These major UK high street stores have found a sickening way to profit from refugee children

Ed Sykes

We might usually attribute features like child labour, poor working conditions, and barely existent wages to a Charles Dickens novel. But this reality is unfortunately still with us today, just overseas where we can’t see it as easily. Both H&M and Next have recently admitted that refugee children have been found working in their factories in Turkey. But the problem is probably much more widespread, and it’s the companies that have not come clean that should perhaps concern us the most.

The context for refugees in Turkey

In November 2015, Human Rights Watch noted that around 400,000 of the 708,000 Syrian refugee children currently living in Turkey were not attending school. Al Jazeera suspects that the vast majority of these youngsters are working in the informal sector, adding that child labour is booming in the country.

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Refugees in Turkey have not been allowed to work legally, although a recent deal with the EU may change this. Families have thus been left in great economic hardship, with the 91% who do not live in camps receiving absolutely no economic support from the state. And while parents have made tiny amounts of money in informal jobs, this is simply not enough to survive. As a result, children have also entered into the labour market. The Independent claims that many refugee children work on farms and in factories – in breach of laws both in Turkey and internationally which prohibit the employment of children under the age of 12.

But instead of concentrating on the refugee crisis it is facing, the Turkish regime has instead focused in the last six months on killing its own civilians and arresting dissenting voices – including academics who have spoken out about Ankara’s war on Kurdish communities in Turkey. And to exemplify its lack of respect for human rights, it was suspected of assassinating a human rights lawyer back in November 2015.

Considering the Turkish government’s single-minded focus on repressing its opponents, one factory employer where refugee children work tried to dodge his own responsibility by telling the Guardian:

It’s not our fault that they need to work… the state failed to provide for them.

Shops in Britain have taken advantage of the situation

Turkey has a significant textile industry, and is Europe’s third biggest supplier of clothes. But the sector is subject to little regulation, and around 60% of workers work informally, with neither a contract nor employment benefits.

In December 2015, the Business & Human Rights Resource Centre (BHRRC) asked 28 leading European brands what they were doing to stop the exploitation of Syrian refugees, including children, insisting that few brands are currently taking adequate steps to prevent such conditions.

H&M and Next soon responded to the questionnaire, admitting that child labourers had been found working on their products in 2015. They both claimed to have taken steps to support their families and see them return to school. BHRRC executive director Phil Bloomer praised these two companies for being honest and taking action to resolve the situation.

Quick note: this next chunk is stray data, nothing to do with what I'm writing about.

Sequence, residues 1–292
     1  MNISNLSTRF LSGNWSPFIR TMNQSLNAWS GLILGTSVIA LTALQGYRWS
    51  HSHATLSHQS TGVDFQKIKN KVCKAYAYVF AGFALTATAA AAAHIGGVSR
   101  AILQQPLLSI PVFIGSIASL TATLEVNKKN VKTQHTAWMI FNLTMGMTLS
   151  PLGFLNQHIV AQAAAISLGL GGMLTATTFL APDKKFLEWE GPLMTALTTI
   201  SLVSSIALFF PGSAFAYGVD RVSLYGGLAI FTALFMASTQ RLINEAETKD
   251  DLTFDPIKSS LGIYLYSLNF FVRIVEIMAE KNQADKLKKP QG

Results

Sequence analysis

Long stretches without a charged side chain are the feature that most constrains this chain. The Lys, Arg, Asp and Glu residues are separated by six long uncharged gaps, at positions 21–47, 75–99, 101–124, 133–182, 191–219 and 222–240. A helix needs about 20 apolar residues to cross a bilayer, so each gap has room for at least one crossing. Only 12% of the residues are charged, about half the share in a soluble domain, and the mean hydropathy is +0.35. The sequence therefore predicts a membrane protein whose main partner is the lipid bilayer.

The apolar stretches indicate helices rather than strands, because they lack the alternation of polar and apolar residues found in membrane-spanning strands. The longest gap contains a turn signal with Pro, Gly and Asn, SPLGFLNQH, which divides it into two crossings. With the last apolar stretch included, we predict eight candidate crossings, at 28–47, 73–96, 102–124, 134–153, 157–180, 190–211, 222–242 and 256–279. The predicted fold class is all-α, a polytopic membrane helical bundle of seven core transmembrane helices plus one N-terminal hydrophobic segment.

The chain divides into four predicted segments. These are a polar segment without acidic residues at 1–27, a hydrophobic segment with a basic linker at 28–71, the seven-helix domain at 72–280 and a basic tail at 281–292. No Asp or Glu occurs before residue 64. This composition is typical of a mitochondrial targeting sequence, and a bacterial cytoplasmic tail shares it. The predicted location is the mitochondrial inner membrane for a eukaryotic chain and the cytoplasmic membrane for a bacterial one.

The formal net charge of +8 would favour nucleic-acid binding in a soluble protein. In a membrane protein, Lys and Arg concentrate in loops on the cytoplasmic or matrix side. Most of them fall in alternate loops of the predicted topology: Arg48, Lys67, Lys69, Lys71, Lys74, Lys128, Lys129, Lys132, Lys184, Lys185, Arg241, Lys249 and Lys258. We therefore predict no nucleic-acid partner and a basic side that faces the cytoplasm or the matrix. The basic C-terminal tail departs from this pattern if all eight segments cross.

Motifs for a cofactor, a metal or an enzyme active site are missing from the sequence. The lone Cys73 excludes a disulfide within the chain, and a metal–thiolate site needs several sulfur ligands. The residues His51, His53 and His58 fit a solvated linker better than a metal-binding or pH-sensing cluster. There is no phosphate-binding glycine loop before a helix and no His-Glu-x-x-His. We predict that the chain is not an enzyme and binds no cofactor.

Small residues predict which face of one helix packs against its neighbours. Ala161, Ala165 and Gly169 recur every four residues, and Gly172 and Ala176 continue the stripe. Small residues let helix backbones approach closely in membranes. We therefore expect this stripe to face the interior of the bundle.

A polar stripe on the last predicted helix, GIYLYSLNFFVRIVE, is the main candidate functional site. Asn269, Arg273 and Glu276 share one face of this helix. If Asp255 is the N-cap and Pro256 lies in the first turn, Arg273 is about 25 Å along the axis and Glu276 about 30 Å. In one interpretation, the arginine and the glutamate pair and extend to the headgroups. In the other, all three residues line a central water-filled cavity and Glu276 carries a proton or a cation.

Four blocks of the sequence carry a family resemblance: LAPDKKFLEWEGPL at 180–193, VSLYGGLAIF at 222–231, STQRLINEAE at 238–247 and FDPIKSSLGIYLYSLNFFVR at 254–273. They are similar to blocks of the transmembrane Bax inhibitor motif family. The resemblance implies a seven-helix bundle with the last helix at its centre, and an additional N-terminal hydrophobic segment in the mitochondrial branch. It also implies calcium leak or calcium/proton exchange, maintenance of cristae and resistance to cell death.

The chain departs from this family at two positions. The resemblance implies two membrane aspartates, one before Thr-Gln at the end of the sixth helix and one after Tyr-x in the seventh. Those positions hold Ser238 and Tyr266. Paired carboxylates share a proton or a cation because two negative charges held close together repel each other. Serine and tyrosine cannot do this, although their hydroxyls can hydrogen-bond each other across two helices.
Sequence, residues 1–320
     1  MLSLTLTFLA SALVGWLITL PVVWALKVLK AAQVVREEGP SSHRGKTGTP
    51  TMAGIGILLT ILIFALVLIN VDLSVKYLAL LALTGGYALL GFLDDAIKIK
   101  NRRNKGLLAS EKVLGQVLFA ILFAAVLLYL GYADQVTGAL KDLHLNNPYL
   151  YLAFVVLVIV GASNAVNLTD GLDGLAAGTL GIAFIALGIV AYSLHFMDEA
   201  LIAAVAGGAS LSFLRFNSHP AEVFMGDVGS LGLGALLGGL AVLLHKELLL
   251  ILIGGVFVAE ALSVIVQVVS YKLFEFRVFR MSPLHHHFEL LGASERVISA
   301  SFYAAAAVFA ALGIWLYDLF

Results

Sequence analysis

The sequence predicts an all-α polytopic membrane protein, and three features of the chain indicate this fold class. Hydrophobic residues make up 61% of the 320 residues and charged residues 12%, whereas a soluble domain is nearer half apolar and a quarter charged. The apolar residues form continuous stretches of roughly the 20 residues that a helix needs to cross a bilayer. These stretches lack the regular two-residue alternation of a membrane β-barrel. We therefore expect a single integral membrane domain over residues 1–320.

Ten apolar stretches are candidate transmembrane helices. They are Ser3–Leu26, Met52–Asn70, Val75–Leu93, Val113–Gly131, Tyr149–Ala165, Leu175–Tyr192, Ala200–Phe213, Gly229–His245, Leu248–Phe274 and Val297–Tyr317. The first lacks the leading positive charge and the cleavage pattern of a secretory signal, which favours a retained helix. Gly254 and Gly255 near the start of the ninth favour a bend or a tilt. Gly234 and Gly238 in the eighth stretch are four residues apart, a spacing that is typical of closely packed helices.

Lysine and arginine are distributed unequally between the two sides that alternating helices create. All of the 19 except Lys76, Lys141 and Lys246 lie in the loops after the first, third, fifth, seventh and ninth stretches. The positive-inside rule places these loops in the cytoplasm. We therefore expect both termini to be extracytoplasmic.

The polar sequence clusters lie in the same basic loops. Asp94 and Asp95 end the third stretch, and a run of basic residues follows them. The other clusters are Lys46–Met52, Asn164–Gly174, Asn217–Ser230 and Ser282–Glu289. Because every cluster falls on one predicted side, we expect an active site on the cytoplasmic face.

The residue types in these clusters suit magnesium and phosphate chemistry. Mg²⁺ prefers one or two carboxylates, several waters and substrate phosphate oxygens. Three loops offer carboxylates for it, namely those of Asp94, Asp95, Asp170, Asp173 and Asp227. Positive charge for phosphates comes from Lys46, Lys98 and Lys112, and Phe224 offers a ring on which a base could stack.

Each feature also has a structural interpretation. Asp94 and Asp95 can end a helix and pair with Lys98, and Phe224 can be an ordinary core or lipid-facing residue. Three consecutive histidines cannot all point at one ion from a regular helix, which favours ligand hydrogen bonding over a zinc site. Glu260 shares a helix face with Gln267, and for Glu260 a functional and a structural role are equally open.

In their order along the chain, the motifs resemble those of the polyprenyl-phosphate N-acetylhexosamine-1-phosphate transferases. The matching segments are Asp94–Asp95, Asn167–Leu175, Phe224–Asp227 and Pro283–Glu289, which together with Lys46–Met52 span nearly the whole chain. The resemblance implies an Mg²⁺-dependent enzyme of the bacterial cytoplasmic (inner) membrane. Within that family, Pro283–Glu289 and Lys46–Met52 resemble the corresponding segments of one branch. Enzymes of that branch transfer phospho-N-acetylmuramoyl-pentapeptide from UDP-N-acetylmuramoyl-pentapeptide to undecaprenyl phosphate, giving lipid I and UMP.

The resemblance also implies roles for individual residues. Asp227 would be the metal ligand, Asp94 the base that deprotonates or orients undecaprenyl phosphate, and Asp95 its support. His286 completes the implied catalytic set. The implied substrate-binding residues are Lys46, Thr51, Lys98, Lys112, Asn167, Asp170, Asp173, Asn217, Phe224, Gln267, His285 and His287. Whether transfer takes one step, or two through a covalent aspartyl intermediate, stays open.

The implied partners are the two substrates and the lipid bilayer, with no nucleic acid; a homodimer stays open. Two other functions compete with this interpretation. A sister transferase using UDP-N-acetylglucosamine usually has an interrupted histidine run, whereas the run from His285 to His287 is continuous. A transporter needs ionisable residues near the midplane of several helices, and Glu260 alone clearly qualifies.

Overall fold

But the BHRRC insisted:

Only a few brands appear to have engaged with the extent and the complexity of these issues in their Turkish supply base; even fewer report taking action to protect these vulnerable workers.

The organisation described how most companies questioned seemed to have an “out of sight, out of mind” approach to the issue. Their idea of auditing, it said, was to preannounce visits so factory managers could cover up their abuses.

The likes of M&S and Debenhams, says Laura Pitel at the Independent, “remained silent on the question of Syrian workers”. Companies including GAP, New Look, and River Island, meanwhile, have so far failed to respond to the BHRRC questionnaire.

Answering BHRRC’s questions and proving child labour is not being used seems like a no brainer. Surely ethical companies worried about their image would rush to present proof of above-board practices. The silence of those mentioned above, however, is incredibly suspicious.

How can we show opposition to child labour?

If we are concerned about where our clothes are made, we can always simply enquire about the supply chain when we go shopping. And if we’re left unsatisfied by the answers, the shop probably doesn’t deserve our business.

But with 10,000 refugee children currently missing in Europe, factory work may not be the worst thing children have been forced into. And with this in mind, we should express our concerns even more vociferously to our politicians.

Finding a peaceful solution to the Syrian civil war must be a top priority. Turkey must be pushed to restart peace negotiations and focus on protecting its refugee population instead of repressing dissent. And companies must be forced to comply with more stringent regulations regarding who works for them – and how these workers are treated.

Let’s make sure our demands are both heard and heeded.

Get involved:

Send the demands above to David Cameron and your MP.

Support the campaign to boycott Turkey until it respects human rights.

Refuse to give your business to shops which are not completely transparent about how their clothes are made.

Compare more ethical clothing shops with high street stores.

Featured image via Flickr/Freedom House and Khemkhaeng.

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